A Pakistani nuclear physicist, Pervez Amirali Hoodbhoy, has written an in-depth article giving us a grasp of the educational reforms under Imran Khan’s regime. The highlight of the article is the huge volume of religious material in the newly introduced Single National Curriculum (SNC) in Pakistan schools. While many argue that such a reform shall welcome unity amongst the students, Hoodbhoy sheds light on other peculiarities. He revealed that the SNC system is focussed on fuelling young minds with ideology-based education rather than the acquisition of basic skills.
Primitive Educational Infrastructure
Various media reports revealed that Pakistan’s educational infrastructure is in a dilapidated condition. A BBC report interviewed students from Pakistan who discussed the plight they witnessed during the COVID-19 pandemic – Atiq Ali, an economics student at Karachi’s Institute of Business Administration, returned to his hometown of Turbat, where there’s no wireless internet or 3G/4G coverage after his university shut down. Now, every morning, he rides his motorcycle an hour out of town, braving temperatures up to 50 degrees Celsius, to download lectures at a friend’s house. “It’s just a lot of effort to get there,” Ali says in a phone interview. “And then sometimes there is no power, sometimes the internet goes down.”
While access to education was already a problem in Pakistan – 22.8 million of Pakistan’s over 70 million children are out of school – the coronavirus outbreak has exposed its profound technological inequities. Over 50 million school and university-going Pakistanis now risk falling behind, says Umbreen Arif, a top education advisor for Pakistan’s central government.
Accusations by the Opposition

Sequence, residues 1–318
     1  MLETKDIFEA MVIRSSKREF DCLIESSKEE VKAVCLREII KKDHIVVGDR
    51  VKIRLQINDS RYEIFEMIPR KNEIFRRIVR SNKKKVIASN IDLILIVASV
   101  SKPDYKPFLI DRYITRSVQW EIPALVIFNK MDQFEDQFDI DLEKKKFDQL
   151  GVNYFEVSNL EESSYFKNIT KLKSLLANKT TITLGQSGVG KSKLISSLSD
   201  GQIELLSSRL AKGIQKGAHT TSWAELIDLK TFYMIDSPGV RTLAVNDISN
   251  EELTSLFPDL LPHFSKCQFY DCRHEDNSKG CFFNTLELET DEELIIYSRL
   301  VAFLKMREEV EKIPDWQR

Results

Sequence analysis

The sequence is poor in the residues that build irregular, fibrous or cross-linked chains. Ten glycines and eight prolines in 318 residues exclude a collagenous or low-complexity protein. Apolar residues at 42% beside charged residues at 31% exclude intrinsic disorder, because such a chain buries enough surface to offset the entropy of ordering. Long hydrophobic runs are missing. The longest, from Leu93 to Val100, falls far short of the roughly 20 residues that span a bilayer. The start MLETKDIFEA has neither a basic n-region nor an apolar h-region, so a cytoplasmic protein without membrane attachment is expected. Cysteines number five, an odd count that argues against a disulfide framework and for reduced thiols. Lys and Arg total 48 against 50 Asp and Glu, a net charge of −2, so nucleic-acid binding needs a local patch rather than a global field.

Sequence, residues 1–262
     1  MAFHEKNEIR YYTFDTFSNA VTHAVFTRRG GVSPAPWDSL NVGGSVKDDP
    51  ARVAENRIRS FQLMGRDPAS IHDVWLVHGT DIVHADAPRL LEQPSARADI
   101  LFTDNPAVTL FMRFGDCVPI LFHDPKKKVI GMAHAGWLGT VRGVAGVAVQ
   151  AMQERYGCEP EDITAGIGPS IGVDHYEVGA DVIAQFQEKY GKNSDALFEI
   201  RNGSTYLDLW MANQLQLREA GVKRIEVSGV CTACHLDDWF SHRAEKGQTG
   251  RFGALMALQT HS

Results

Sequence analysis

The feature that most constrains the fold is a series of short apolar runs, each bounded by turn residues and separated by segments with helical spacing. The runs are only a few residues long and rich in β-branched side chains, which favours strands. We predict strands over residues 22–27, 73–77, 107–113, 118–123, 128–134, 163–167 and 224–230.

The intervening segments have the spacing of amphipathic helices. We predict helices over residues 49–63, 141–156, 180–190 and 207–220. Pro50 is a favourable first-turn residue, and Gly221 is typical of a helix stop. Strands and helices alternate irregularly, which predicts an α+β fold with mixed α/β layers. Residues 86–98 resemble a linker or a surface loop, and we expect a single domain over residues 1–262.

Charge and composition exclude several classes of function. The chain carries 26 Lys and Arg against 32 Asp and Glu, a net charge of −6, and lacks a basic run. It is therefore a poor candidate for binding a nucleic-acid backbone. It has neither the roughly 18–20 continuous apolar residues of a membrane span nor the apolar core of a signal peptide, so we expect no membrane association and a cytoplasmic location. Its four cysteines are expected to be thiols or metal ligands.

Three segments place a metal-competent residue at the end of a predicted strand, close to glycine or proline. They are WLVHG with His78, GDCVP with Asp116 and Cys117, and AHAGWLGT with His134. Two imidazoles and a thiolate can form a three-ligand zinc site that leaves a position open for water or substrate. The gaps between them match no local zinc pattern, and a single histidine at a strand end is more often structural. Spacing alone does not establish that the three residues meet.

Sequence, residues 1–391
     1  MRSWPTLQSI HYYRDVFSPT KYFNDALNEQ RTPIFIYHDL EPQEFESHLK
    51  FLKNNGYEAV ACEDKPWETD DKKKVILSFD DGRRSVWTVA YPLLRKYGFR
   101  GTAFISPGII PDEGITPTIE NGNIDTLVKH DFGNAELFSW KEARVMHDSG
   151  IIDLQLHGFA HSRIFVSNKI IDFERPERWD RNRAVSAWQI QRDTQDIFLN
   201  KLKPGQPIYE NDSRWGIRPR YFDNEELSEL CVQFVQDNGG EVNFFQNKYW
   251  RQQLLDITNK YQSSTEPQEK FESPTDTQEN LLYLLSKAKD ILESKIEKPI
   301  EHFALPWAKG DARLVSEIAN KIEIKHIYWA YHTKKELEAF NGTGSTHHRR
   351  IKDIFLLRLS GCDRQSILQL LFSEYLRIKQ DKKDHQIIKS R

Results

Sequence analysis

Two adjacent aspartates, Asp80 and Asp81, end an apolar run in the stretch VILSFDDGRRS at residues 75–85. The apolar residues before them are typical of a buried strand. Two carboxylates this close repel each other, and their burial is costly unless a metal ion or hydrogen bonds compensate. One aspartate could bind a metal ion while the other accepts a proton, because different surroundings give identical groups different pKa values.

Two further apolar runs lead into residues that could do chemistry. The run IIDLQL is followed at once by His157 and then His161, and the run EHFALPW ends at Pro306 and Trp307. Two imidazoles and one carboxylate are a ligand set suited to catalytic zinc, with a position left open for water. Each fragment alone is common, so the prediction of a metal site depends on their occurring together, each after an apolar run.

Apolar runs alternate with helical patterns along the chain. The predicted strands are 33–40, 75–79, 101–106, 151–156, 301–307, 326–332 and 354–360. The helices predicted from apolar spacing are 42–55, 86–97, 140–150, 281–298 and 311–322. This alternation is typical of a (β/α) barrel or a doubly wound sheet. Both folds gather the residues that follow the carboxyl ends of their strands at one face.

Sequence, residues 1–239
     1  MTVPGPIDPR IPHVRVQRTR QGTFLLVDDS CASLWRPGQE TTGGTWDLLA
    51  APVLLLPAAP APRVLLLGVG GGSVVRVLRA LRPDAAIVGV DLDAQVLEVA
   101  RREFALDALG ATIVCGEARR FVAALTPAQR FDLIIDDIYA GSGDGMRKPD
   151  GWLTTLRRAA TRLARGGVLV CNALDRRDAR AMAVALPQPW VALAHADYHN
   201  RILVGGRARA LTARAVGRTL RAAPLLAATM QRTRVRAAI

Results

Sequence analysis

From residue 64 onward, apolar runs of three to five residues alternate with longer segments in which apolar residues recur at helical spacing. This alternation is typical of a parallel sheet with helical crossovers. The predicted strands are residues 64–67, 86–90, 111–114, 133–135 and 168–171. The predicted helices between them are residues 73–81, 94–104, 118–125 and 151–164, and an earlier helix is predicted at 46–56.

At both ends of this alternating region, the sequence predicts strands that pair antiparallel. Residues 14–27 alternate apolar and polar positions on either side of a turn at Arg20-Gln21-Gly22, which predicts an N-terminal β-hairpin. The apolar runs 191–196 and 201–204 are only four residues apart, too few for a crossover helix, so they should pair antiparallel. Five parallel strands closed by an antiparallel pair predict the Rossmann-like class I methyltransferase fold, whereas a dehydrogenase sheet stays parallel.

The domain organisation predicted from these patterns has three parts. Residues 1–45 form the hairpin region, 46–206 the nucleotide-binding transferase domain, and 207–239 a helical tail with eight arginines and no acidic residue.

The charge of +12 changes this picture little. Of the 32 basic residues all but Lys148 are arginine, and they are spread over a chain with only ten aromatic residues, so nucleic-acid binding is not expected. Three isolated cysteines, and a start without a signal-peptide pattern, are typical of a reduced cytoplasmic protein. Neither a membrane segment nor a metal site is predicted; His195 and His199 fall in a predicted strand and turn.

Recently, Pakistan Peoples’ Party (PPP) Chairman Bilawal Bhutto-Zardari alleged that Imran Khan’s ruling Pakistan Tehreek-e-Insaf (PTI) has an anti-education agenda. He took to the social media website Twitter and said that the ruling party’s consistent assault on Higher Education Commission (HEC) funding is having very real consequences at a time when medical universities are at the frontline battling Covid-19.
Mr. Hoodbhoy further explained the nexus between the Madressahs and the government establishment. He explains how educated holy men are welcomed by the Pakistani government- to teach in regular schools as paid teachers. Hoodbhoy elucidated the true meaning of the SNC system in Pakistani schools.
The Pakistani nuclear physicist also wrote: A column-by-column comparison with two major madressah systems — Tanzeemul Madaris and Rabtaul Madaris — reveals a shocking fact. Ordinary schools will henceforth impose more rote learning than even these madrassahs. With normal schoolteachers being under-equipped religiously, SNC calls for summoning an army of madrassah-educated holy men — hafiz’s and qaris — as paid teachers inside schools. How this will affect the general ambiance and the safety of students is an open question.
The push for a uniform national curriculum idea derives from three flawed assumptions: